Though written by three-time academy award winning writer Paddy Chayefsky (adapting his own novel), Altered States had a surprisingly tough trip to the big screen. Pawned off by production companies, plagued by budgetary issues, and shunned by a litany of directors, the film eventually found salvation in Ken Russel. Altered States’ heady, sometimes silly, mix of science, faith, academia, and hallucinogenic drugs is, in hindsight, so perfect a match it’s a wonder they bothered asking anyone else to make it.
William Hurt plays Eddie Jessup, an intense intellectual with near-comically intense post-coital chat and a fascination with exploring subconscious states through acid trips in sensory deprivation. His obsession with discovering the meaning of existence, or at least experiencing something close to rebirth, makes him an academic outsider and a lousy husband to Blair Brown’s pragmatic Emily.
The two are opposites. Whilst Hurt spends his time looking for answers, she is content in the conclusion that there is no meaning to life except what we make it. Love, she thinks, is an experience which gives life meaning. It’s a relationship which extends behind the scenes.
Whilst Chayefsky’s script feels thoughtful, inquisitive, meditative, but often dense, Russell’s direction is rapid-fire delirium. Through this union, Altered States is less a balanced conversation on metaphysics and more a representation of academia as an utter madhouse which the Average Joe can’t hope to understand. Rather than capturing the metaphysical arguments, Russell uses his brand of evocative audio-visual mania to hammer the raw power of the subconscious rebirth home. So, essentially, Russell makes us feel what Chayefsky can only make us think.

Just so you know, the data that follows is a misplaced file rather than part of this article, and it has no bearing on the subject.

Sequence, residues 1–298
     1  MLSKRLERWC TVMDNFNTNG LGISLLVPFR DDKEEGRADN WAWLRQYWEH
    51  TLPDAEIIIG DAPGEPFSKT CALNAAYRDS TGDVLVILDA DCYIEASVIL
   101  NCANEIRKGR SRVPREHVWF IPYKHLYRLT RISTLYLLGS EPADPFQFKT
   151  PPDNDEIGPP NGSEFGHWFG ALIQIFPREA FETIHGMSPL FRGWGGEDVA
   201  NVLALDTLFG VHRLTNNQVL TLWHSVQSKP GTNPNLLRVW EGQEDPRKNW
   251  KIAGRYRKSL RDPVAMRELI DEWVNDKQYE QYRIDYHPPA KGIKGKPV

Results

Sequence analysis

As with any Russell film it’s a sometimes-silly experience despite its own lofty ruminations. It’s as though Russell finds our desperate attempts to understand ourselves immensely funny. He can’t help but find an obscene kind of comedy in attempts to know the unknowable, just as he couldn’t help finding humor in the faith-based terror of The Devils. Though horrific, there is indeed something innately, darkly, comic about a man turning himself into primordial soup before ever being content with love.
Perhaps this is why Chayefsky had his own name stripped from the project.
Like Cronenberg’s The Fly 6 years later, Altered States is a descendant of Shelley’s seminal Frankenstein. Both films center around the dangerous persistence of scientific curiosity, the resultant body horror of boundary breaking, and the existential dread which drips from the aftermath.
It doesn’t offer any particularly deep insights, though. That’s not the point. Altered States’ soul-searching pseudo-scientific setup is just the perfect mannequin for Russel to spatter his explosive quasi-religious psychedelia over. It’s a heady mix of surrealist imagery, epic Milton-esque Hellscapes, and entrancing abstract forms. Altered States is a trip down the rabbit hole which catapults the audience to the beginning of existence, then right up to the face of God, before setting us back in our seats. If nothing else, this is Russell’s finest visual feat and an unforgettable experience.
Dir. Ken Russell
Stars. William Hurt, Blair Brown, Bob Balaban, Charles Haid,